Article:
At $21.5 million (approximately Rs 100 crore), it has turned out to be a costly victory for the team from Punjab. The Bombay high court on Wednesday stayed the termination by the Board of Control for Cricket in India (BCCI) of the IPL franchise agreement with Kings XI Punjab and sent the dispute between them for arbitration. But in a bid to make sure that the players' interests are protected for the two future IPL seasons pending a final decision by the sole arbitrator who is yet to be appointed, Justice Shiavax Vazifdar who passed the interim order subjected Punjab's participation in the forthcoming IPL seasons to it being able to provide security of $18 million.
The court directed Kings XI to give a separate security of $3.5 million to protect the BCCI against a likely notional loss as it is now unable to seek bids for a new IPL franchise to replace Kings XI.The court did not extend the time for Kings XI as sought by them to select their marquee players. It gave them time only till Thursday midnight. The Mohali team also gave an undertaking to pay its players their dues worth Rs 28 crore for IPL season 3 after it receives Rs 22 crore from the BCCI. The cricket board, however, said it owed the IPL team a much lower amount after deductions and said Kings owed its players more than Rs 28 crore. In addition to the Rs 100 crore it has to raise towards securities, Kings also has to pay BCCI $7.6 million towards its franchisee fees for the next season.It has to pay about 30% of this amount by January 2011.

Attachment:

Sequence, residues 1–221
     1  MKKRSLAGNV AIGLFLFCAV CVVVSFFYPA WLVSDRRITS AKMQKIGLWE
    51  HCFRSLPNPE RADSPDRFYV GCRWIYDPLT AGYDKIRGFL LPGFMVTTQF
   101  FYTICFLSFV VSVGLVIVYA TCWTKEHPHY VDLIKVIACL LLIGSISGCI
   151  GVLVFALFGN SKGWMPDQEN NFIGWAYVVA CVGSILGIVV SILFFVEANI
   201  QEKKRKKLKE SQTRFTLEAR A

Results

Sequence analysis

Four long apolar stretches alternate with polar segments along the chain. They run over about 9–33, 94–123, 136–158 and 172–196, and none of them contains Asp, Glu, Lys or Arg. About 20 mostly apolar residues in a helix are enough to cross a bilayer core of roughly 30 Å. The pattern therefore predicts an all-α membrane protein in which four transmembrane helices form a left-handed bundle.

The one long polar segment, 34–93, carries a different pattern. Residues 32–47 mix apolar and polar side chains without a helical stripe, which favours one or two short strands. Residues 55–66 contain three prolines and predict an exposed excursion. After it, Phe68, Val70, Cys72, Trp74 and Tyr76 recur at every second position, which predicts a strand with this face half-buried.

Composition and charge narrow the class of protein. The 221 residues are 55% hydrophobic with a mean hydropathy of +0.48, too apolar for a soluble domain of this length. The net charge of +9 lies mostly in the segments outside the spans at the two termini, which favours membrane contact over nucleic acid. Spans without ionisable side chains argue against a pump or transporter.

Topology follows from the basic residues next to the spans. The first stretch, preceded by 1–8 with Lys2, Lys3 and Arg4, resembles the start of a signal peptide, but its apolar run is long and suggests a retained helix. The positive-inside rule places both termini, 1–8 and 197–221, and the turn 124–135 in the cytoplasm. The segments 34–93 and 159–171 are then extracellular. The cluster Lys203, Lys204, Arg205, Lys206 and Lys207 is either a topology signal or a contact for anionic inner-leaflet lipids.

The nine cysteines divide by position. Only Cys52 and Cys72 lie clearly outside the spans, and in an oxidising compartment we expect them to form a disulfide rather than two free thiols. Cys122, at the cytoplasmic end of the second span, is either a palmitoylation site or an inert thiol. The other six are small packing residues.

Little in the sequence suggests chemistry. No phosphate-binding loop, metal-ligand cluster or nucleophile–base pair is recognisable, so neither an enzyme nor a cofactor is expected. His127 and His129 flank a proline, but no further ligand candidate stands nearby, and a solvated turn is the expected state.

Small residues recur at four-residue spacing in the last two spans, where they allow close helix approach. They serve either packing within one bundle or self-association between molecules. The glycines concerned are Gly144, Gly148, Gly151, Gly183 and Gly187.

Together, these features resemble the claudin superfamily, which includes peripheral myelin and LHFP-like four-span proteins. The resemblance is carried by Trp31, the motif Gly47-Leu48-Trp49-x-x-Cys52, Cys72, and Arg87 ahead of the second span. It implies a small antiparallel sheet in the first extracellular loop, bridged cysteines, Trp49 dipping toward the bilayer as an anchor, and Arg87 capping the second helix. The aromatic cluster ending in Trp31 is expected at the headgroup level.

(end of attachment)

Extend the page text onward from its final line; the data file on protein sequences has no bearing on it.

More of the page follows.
The security has to be furnished by January 3, 2011, drawn on a nationalized bank in favour of the prothonotary of the Bombay high court. The conditions imposed on Kings XI for its freedom to play were debated extensively by lawyers on both sides. A particular bone of contention was how to secure the interest of the cricket board as C A Sundaram, senior counsel for BCCI, said that Kings XI ought to give a security or guarantee of $70 million for the next two IPL seasons–since going by the present rates, a new team was valued at around $350 million. The judge wanted to ensure that BCCI is not left entirely without any relief.
Thus after Kings XI counsel Darius Khambata pointed out that the franchisee pays the fee amount over the ten-year contract period, the judge said 10% of what would get paid in a year ought to be secure for BCCI in all fairness. Sundaram, who was supported by a team of lawyers including Raju Subramaniam, Akhila and Sharan Jagtiani, said they were "seeking substantial security for damages, for if the arbitrator finally goes against Kings XI and upholds their termination after a year, it would not be possible to seek bids for a new franchise midway through the three season-tour."